Research Designed To Discover Genetic Markers
The International Serious Adverse Events Consortium (SAEC) announced today initial results from its research designed to discover genetic markers that may predict individuals at risk for serious drug induced liver injury (DILI). The SAEC is a nonprofit research corporation, launched in the fall of 2007, comprised of and funded by 10 leading pharmaceutical companies and the Wellcome Trust. The U.S. Food and Drug Administration (FDA) also contributes to the scientific and strategic direction of this novel research effort. The collection and initial characterization of the DILI cases supporting these results was performed by the UK-based DILIGEN network, led by Professor Ann Daly and colleagues at Newcastle University, but also involving researchers at the University of Liverpool and at Queen’s Medical Centre, Nottingham.
Patients respond differently to medicines, and all medicines can have adverse effects in some people. The SAEC’s work is based on the hypothesis that many of these differences have a genetic basis. Its research studies are exploring the impact genetics can have on how individuals respond to medicines. There are a large number of drugs that can cause liver injury in a very small subset of patients, and in rare cases this may lead to acute liver failure. Although the exact mechanisms behind such rare and unpredictable DILI is unknown, research suggests a genetic contribution.
In a Nature Genetics paper published on May 31, the SAEC and Newcastle University’s analysis of a subset of DNA patients has led to the discovery that HLA-B*5701 is a major determinant of liver injury induced by flucloxacillin. Flucloxacillin is an antibiotic widely used in Europe and Australia, mainly in the treatment of staphylococcal infections. HLA-B is one of a number of highly variable genes responsible for immune function. The study found that individuals carrying at least one copy of HLA-B*5701 were 80-100 times more likely than non-carriers to develop DILI in response to this antibiotic. This risk-associated variant is relatively common in Europe, but less prevalent in Africa and East Asia. In addition to HLA-B*5701, variations on chromosome 3 were also found to influence the risk for DILI. These findings provide initial insights into the mechanism of DILI and may have the potential to help identify individuals who have an increased risk for flucloxacillin related liver injury. Despite being at substantially higher risk than non-carriers, only a small proportion of carriers actually develop liver problems in response to flucloxacillin. Thus, further analysis and research will be needed to determine whether a clinically useful biomarker test could be developed for this susceptibility.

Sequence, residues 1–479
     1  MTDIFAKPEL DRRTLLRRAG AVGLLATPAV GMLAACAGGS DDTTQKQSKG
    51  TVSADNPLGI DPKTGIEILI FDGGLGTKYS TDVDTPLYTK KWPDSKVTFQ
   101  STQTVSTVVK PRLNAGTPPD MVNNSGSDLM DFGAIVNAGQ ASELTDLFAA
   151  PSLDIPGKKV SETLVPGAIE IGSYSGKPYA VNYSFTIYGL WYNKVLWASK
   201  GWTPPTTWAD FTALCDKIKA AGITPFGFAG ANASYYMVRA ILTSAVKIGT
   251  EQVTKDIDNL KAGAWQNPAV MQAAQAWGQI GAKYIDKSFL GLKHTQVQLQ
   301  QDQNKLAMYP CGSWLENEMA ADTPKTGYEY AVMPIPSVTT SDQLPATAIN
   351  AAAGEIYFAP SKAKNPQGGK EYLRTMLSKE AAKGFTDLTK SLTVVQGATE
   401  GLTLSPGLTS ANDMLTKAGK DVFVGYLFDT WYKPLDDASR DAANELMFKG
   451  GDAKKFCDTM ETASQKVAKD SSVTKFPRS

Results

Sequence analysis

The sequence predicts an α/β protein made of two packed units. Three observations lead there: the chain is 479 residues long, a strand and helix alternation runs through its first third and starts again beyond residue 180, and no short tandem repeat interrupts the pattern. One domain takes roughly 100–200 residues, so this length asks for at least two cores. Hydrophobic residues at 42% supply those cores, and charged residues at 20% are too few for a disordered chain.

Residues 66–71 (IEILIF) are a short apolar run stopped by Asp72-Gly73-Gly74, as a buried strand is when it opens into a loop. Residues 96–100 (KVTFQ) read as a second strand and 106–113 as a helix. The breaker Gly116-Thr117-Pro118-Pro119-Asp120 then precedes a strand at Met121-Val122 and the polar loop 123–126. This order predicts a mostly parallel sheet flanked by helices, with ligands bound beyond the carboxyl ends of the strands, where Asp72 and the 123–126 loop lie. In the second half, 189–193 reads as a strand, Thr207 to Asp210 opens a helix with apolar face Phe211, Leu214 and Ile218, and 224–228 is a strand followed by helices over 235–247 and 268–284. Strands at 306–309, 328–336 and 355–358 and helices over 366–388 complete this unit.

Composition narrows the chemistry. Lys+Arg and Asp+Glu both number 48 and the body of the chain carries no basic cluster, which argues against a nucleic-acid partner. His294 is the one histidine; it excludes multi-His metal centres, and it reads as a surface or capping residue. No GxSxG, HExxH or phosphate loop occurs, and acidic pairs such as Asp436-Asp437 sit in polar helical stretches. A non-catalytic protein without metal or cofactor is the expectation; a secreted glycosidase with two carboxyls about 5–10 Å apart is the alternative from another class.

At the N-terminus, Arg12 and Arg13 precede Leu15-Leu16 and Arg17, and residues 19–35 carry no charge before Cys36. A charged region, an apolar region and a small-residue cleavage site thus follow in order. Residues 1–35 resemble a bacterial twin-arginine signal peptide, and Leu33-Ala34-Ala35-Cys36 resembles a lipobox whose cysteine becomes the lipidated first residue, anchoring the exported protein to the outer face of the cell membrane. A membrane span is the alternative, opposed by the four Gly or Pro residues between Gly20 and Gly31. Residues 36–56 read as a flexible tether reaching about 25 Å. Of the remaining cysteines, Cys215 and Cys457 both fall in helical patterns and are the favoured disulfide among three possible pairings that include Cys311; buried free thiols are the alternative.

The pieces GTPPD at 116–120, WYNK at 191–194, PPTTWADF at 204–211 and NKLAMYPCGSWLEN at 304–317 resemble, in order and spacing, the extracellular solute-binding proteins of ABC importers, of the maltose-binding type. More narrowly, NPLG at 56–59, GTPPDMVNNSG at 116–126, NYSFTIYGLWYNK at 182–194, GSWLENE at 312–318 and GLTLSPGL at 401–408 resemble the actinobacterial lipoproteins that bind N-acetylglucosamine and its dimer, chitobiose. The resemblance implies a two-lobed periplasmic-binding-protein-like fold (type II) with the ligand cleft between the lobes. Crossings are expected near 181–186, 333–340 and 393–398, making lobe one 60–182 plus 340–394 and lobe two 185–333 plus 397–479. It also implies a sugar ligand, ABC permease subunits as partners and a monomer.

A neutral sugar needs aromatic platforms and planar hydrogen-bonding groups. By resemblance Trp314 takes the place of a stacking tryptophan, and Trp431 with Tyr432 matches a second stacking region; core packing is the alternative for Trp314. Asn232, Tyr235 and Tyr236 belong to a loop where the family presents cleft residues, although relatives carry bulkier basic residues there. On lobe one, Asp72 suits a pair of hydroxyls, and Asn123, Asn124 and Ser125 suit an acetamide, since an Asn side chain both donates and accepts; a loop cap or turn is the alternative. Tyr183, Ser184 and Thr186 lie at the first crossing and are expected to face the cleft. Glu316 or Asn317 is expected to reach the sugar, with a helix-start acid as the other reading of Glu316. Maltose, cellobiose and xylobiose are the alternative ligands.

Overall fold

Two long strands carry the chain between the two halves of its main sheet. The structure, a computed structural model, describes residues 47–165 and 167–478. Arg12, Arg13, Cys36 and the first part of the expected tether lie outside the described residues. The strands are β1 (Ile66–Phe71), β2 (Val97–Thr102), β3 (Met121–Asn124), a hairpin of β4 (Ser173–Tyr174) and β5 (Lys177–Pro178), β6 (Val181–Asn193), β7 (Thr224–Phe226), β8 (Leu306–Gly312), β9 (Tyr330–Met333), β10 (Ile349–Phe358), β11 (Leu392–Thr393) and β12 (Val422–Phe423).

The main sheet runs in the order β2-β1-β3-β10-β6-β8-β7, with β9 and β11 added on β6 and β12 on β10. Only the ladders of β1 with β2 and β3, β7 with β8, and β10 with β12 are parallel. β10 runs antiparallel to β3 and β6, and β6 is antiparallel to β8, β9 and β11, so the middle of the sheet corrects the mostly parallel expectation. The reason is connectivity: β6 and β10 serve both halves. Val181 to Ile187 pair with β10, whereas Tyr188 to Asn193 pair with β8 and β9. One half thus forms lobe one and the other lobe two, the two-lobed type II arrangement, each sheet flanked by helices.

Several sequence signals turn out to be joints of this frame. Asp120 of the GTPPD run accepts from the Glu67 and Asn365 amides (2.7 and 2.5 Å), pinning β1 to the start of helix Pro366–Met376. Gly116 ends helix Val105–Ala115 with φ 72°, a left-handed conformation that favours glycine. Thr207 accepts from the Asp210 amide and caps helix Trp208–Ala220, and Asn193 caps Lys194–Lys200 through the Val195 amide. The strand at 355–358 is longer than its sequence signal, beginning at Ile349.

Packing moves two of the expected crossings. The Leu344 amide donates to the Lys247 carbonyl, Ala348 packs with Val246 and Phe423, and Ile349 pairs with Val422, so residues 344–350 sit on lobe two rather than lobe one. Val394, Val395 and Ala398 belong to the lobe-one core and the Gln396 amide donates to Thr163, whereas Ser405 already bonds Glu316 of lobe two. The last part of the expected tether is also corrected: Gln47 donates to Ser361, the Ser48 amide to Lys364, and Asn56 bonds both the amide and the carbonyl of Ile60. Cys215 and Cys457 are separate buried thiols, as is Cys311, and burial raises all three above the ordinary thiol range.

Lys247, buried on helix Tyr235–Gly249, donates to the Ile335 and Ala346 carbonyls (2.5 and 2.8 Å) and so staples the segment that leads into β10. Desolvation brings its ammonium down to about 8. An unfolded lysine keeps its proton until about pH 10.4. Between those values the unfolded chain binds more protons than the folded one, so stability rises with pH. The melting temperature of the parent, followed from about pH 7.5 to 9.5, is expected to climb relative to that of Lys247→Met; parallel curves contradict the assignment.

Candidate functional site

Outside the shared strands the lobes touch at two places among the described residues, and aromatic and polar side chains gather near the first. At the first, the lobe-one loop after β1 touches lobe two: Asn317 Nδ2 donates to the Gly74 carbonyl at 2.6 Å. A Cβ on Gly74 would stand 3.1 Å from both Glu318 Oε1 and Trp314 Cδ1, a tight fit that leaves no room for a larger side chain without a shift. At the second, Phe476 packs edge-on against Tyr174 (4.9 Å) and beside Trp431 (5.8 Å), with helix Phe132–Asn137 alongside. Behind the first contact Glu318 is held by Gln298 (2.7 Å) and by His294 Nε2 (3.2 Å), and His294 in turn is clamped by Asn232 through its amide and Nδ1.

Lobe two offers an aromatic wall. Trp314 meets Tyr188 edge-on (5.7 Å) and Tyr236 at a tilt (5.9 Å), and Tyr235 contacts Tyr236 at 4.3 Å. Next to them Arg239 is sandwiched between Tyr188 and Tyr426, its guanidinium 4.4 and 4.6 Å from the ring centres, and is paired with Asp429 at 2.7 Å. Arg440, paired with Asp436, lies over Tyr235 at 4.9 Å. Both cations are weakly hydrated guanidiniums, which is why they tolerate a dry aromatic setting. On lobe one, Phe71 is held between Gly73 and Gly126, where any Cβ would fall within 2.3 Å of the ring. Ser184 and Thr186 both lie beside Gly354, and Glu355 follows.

The paper can be found on both the Nature Genetics (http://www.nature.com/ng/index.htm) and the SAEC’s (www.saeconsortium.org) websites. Qualified researchers, who enter into a data use agreement, can obtain free access via the SAEC’s website to the supporting study data, for use exclusively in biomedical research.
“We are pleased to be able to provide these initial results to the research community, to both improve the productivity of drug development and to begin the critical process of developing validated biomarkers to forecast patients who may be at risk for DILI,” said Arthur Holden, founder and chairman of the SAEC. “To date, in conjunction with our collaborators, we have assembled one of the largest DILI research collections in the world. We expect additional important DILI genetic findings to emerge from these research efforts over the next 12-18 months.”
“Our aim is to ensure that commonly prescribed drugs can be used more safely. This is an important step in developing a test that can be used prior to prescribing flucloxacillin. We look forward to making further progress in the area of DILI research with our international collaborators” said Ann Daly, Professor of Pharmacogenetics at Newcastle University who leads the DILIGEN network.
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